When men are raped, it is a whole different story. Another, more frightening statistic provided by the National Center for Victims of Crimes, details that the reporting of male rape far exceeds that 1 in 50 statistic for women. However, males aren’t necessarily victim blamed in the same way. They are called “weak” and “unmanly.” I don’t think I have ever heard someone say about a male rape victim, “Well look at how he was dressed, he was obviously asking for it! male rape is more of a joke to society than an actual crime.
Men are socialized to think that sex is the number one goal when talking to a woman. Sex is all that matters; her personality is just an added bonus. As Paul Kivel teaches in his article, “The Act-Like-A-Man Box” even from a young age boys are forced into this box where success, sex, toughness, and muscles are expected of men. Guys are supposed to want sex every second of every day. So according to this information, can a man even be raped? It isn’t rape if both people involved want it, and according to society men always want to have sex.
There is currently a campaign being launched in London to raise awareness for male rape victims. The “Real Men Get Raped” campaign wants to challenge the attitudes toward rape and the victims of the crime. The photo to the left is an advertisement that is running in London. It depicts that manliness of a tough, contact sport like rugby while at the same time making it seem manly to stand up and talk about being raped.
In a study conducted by Emma Sleath and Ray Bull, Male Rape Victim and Perpetrator Blaming, attitudes toward male rape victims are more focused on how the man was reacting during the alleged crime. It was found that nearly 47% of male participants felt that the extent of a man’s resistance should be a major factor in determining if he was raped. In other words, whether or not the man was actively fighting against his attacker should be examined in order to determine if he was actually raped or not. Attitudes like these are what affects male victims’ acceptance of what happened to them. When people are constantly calling into question their ability to protect themselves, it becomes an embarrassing, shameful act to admit to being raped.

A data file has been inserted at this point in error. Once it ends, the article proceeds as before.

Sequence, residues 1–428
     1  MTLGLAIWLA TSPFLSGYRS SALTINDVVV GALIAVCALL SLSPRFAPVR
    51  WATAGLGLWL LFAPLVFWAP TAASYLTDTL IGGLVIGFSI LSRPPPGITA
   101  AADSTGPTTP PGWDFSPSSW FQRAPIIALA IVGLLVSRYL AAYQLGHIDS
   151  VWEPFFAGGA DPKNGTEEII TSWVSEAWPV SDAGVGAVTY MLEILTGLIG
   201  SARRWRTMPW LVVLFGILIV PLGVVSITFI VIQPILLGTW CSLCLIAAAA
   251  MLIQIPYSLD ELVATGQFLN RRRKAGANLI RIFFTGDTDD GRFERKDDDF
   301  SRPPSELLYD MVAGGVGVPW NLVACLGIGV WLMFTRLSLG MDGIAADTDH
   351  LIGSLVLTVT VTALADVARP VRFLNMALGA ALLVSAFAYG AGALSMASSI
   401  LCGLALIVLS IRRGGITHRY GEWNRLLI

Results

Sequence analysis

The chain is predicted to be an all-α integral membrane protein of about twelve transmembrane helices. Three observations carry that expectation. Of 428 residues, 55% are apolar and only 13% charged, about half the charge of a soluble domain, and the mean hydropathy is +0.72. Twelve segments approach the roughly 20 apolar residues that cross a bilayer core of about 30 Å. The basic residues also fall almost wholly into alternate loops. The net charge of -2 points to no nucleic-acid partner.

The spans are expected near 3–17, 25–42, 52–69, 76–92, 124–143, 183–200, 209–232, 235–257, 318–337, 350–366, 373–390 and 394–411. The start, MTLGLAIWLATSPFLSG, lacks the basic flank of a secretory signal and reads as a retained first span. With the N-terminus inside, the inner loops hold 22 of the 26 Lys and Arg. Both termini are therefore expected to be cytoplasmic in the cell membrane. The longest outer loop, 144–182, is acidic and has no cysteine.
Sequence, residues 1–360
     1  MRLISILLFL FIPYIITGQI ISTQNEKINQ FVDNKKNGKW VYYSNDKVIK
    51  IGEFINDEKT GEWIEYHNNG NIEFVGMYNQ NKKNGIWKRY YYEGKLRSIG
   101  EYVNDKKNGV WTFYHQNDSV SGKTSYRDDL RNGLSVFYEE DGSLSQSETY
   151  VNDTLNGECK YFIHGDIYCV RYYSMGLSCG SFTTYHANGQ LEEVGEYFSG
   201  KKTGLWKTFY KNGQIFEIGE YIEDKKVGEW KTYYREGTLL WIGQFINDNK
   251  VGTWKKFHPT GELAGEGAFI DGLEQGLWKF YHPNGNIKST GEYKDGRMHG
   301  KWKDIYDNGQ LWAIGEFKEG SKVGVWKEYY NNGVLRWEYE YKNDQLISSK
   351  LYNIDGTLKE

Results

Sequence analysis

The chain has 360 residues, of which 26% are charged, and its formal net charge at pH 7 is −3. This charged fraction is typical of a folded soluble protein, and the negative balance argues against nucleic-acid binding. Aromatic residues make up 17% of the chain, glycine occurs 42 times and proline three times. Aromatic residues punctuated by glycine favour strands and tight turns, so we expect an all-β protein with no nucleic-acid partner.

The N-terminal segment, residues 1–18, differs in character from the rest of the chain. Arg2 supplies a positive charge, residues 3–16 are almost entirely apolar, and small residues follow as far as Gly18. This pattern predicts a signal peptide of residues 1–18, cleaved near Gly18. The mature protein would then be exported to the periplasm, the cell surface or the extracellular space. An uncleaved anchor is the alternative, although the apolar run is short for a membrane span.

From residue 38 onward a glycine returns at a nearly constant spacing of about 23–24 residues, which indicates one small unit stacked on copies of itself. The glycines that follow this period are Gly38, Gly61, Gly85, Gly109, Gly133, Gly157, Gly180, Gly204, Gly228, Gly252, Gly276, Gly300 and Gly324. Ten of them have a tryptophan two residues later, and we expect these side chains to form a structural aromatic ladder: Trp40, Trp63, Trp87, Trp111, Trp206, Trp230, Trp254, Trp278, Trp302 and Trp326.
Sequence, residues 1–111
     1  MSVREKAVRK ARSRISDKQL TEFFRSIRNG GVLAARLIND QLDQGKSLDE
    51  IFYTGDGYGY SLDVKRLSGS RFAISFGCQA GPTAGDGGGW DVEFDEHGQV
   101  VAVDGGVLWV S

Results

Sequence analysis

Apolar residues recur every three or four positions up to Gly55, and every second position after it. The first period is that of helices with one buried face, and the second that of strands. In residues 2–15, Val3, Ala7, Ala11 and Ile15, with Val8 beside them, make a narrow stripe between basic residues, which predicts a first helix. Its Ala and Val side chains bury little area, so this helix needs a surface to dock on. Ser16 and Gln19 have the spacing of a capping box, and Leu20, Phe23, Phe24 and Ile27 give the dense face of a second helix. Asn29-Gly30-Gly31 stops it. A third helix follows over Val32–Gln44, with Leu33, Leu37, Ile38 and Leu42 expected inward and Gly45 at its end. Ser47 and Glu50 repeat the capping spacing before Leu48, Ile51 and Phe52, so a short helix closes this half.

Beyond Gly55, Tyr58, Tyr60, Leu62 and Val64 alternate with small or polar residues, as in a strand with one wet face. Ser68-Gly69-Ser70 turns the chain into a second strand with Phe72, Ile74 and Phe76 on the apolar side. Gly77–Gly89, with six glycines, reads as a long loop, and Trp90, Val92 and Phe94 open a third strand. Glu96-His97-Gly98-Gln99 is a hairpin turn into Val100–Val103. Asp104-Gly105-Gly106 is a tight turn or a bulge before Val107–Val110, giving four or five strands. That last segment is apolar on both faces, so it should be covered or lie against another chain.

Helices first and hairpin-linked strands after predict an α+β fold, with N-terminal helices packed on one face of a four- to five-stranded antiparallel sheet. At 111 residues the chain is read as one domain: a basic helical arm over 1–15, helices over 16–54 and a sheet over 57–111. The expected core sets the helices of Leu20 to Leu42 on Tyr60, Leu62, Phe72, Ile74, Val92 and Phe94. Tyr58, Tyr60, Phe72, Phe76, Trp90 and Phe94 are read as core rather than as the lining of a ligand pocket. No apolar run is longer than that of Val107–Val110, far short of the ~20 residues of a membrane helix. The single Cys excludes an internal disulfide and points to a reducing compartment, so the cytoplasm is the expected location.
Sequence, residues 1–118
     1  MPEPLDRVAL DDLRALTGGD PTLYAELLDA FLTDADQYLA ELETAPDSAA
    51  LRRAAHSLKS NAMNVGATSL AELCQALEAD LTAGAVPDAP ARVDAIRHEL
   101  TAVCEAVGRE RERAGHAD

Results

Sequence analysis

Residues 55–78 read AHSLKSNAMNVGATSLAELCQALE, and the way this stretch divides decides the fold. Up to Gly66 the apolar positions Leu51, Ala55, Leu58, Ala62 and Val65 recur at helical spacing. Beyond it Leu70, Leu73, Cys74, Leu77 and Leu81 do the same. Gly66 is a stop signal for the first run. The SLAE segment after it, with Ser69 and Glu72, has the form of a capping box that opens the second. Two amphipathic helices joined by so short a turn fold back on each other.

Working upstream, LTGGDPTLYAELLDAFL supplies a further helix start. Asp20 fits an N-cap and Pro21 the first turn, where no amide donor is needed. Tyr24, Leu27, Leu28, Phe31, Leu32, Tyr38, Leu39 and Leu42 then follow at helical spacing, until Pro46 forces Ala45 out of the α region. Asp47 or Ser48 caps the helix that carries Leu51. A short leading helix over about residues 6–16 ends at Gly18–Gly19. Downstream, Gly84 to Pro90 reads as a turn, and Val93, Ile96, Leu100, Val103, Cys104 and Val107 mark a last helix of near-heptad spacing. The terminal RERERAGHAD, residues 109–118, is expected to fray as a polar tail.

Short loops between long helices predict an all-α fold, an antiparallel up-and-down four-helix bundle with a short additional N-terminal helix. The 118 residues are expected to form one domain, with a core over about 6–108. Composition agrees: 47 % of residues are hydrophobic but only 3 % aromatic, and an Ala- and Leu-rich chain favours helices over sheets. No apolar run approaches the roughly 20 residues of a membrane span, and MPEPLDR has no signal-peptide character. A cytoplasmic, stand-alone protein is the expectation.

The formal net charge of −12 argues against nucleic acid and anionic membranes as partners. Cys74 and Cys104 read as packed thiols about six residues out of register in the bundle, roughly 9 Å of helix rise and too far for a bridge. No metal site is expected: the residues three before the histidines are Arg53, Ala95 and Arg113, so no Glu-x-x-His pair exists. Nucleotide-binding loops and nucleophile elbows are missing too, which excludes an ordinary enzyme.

Up until a couple of months ago forcible rape was only defined as a male forcing sexual activity onto a female. However, the national government is expanding the definition of forcible rape to include a wider range of victims, and sexual acts. This new definition will make it possible for a male or female to be raped vaginally, anally, or orally, and will include people who cannot physically give consent to sex. Rape is a very hard crime to define. no one else really knows what happened during the assault other than the victim and the perpetrator. It becomes a he-said-she-said argument over what actually happened. However, the broadening of this definition will hopefully encourage more males to realize that they can be raped, and that it is acceptable to admit to being a victim.
When a woman is raped, she is criticized for her attire , her past, and her actions while a man is criticized for his weakness and his desire for other things in life–not just sex. It is important to understand that a man is no less a victim than a woman. It is not right to blame a harmed person for something they never asked for; this applies to all people.